A $50 million donation to Utah State University’s Jon M. Huntsman School of Business will fund a new research entity, the Center for Growth and Opportunity.
The donation is a joint effort between The Huntsman Foundation and The Charles Koch Foundation. Each organization contributed $25 million.
The Huntsman Foundation stipulated that its money will go toward expanding the school’s Huntsman Scholar program, which aims to bring together “outstanding students with incredible teachers for a rigorous, one-of-a-kind undergraduate business education program,” according to the university’s website.
That donation will allow enrollment in the program to increase “four-fold to 400 students receiving annual support,” according to an email from Tim Vitale, USU’s executive director of public relations and marketing. The donation will also provide funding for an academic and executive director for the program.
The $25 million contribution from the Koch Foundation will be aimed at funding the Center for Growth and Opportunity, a new research institution with interests geared toward “(t)he search for efficient and responsible solutions to pressing socio-economic problems.”
Financial choice and security, health, education and environment, innovation and entrepreneurship, and the roles of business and government in society are identified as those socio-economic problems which take priority.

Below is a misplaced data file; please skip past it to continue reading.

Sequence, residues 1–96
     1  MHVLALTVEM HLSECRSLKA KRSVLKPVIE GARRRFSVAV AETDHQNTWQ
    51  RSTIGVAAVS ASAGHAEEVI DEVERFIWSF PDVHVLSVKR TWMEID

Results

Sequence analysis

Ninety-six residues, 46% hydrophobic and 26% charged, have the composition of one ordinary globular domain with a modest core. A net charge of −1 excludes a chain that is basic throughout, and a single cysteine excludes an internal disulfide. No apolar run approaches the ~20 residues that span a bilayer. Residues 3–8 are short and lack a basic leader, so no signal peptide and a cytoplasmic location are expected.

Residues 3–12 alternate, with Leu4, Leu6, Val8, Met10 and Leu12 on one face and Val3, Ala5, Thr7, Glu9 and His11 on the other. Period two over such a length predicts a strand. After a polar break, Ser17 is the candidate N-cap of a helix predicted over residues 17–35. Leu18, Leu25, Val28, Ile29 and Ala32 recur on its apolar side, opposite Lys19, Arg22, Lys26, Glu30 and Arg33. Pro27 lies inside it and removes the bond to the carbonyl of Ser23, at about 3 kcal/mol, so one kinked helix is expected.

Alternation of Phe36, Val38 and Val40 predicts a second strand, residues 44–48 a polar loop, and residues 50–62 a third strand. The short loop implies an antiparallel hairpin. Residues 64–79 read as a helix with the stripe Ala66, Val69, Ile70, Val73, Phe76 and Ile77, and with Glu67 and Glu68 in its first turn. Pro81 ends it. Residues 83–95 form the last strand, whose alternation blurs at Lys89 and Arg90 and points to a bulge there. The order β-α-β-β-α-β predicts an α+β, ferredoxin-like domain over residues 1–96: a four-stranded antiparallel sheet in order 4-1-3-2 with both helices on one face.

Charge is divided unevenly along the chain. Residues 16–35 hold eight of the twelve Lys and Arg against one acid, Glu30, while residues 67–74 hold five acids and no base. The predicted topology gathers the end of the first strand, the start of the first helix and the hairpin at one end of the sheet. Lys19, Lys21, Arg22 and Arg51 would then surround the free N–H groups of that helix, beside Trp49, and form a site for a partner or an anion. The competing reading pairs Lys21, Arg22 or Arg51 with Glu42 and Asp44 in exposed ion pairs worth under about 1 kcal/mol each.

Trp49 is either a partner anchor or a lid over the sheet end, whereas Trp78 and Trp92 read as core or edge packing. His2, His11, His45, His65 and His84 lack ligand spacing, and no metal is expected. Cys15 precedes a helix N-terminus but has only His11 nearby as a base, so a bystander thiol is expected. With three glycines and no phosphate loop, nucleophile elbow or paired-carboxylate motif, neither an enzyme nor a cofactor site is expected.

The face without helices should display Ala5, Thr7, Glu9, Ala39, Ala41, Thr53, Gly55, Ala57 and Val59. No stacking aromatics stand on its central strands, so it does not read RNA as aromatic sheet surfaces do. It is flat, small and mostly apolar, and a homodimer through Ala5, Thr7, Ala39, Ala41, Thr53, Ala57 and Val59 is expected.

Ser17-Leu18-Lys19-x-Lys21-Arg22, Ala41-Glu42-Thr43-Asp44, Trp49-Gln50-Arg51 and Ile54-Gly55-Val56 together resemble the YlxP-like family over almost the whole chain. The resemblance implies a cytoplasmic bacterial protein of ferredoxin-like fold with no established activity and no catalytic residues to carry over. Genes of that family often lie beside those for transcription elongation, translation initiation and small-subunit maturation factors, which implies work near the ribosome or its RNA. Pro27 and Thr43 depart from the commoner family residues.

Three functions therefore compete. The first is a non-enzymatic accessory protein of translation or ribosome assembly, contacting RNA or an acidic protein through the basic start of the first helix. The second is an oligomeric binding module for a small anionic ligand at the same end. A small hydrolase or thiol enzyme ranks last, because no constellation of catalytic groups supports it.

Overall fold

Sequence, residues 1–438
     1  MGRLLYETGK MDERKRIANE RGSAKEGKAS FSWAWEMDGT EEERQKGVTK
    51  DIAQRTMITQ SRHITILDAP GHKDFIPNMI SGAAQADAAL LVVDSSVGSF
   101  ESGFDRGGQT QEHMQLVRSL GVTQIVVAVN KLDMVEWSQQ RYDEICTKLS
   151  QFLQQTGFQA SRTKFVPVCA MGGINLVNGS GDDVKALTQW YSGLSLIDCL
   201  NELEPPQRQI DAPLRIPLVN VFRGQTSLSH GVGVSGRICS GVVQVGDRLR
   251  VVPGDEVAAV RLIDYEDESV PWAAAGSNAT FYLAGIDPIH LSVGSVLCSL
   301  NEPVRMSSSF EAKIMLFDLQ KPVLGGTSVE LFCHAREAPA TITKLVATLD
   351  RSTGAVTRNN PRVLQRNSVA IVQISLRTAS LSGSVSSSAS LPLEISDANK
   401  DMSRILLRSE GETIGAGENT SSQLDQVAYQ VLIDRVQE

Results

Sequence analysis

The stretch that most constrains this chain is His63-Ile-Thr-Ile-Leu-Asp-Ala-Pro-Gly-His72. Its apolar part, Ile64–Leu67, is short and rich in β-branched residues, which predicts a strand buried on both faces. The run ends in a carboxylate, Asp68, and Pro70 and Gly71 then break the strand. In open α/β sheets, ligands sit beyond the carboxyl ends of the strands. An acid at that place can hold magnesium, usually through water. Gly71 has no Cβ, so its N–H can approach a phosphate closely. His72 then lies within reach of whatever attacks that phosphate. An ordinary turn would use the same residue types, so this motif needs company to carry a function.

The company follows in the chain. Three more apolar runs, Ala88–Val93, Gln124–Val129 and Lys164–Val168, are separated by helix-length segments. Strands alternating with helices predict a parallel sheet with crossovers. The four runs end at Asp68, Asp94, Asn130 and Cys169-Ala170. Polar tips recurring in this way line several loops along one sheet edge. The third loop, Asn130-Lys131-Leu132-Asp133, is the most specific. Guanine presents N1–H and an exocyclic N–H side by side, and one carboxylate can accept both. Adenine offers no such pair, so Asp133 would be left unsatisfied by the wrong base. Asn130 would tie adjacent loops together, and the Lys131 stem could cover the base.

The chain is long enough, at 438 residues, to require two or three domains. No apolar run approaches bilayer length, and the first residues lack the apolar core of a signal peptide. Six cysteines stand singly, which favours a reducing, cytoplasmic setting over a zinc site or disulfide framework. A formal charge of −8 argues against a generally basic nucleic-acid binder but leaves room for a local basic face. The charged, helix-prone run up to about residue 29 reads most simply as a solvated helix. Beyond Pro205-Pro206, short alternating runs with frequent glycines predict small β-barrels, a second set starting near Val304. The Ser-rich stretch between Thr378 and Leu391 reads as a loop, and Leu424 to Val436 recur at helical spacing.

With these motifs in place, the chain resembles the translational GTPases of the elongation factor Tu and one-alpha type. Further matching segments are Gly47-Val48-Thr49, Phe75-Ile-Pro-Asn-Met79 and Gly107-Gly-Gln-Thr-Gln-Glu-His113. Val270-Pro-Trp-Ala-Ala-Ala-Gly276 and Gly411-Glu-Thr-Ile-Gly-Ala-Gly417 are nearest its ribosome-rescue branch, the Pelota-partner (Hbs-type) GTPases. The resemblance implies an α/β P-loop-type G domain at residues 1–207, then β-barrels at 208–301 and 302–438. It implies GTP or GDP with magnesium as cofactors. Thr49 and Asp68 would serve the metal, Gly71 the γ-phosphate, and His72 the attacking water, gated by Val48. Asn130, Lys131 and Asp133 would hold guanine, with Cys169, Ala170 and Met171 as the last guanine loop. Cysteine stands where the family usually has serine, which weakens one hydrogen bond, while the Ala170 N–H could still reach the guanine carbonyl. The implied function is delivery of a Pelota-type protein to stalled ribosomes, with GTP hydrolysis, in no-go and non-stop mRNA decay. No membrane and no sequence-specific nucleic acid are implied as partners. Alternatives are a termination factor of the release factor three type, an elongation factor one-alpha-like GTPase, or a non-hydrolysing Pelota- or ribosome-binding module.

The relationship between Utah State and the Center was outlined in an affiliation agreement dated May 6. The agreement stipulates that the Center is affiliated with the university but is not an entity of the university.
Frank Caliendo, head of the Huntsman school’s Economics and Finance Department, was selected by university President Noelle Cockett and Huntsman school dean Douglas Anderson as the Center’s academic director. In addition to his role as academic director, he will continue to head the business school’s Department of Economics and Finance.
“Frank is the university’s oversight mechanism to ensure that research from the Center reflects our longstanding academic and research standards,” Vitale said.
As the academic director, Caliendo is tasked with “guiding the research and education programs of the Center,” according to the agreement. Caliendo will also approve any university faculty to “hold positions with, be affiliated with, or receive research or education opportunities related to the Center.”